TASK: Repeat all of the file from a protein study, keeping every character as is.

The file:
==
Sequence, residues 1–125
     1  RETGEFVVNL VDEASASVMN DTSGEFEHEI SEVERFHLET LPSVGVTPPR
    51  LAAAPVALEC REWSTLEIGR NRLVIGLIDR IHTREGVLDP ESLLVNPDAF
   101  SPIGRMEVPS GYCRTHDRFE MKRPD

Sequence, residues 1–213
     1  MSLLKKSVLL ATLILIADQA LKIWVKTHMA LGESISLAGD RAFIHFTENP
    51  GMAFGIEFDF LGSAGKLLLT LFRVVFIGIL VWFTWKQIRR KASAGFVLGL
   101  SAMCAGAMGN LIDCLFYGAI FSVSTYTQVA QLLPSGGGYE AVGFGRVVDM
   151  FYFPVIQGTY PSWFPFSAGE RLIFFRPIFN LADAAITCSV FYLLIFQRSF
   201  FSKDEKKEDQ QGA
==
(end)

Sequence, residues 1–125
     1  RETGEFVVNL VDEASASVMN DTSGEFEHEI SEVERFHLET LPSVGVTPPR
    51  LAAAPVALEC REWSTLEIGR NRLVIGLIDR IHTREGVLDP ESLLVNPDAF
   101  SPIGRMEVPS GYCRTHDRFE MKRPD

Sequence, residues 1–213
     1  MSLLKKSVLL ATLILIADQA LKIWVKTHMA LGESISLAGD RAFIHFTENP
    51  GMAFGIEFDF LGSAGKLLLT LFRVVFIGIL VWFTWKQIRR KASAGFVLGL
   101  SAMCAGAMGN LIDCLFYGAI FSVSTYTQVA QLLPSGGGYE AVGFGRVVDM
   151  FYFPVIQGTY PSWFPFSAGE RLIFFRPIFN LADAAITCSV FYLLIFQRSF
   201  FSKDEKKEDQ QGA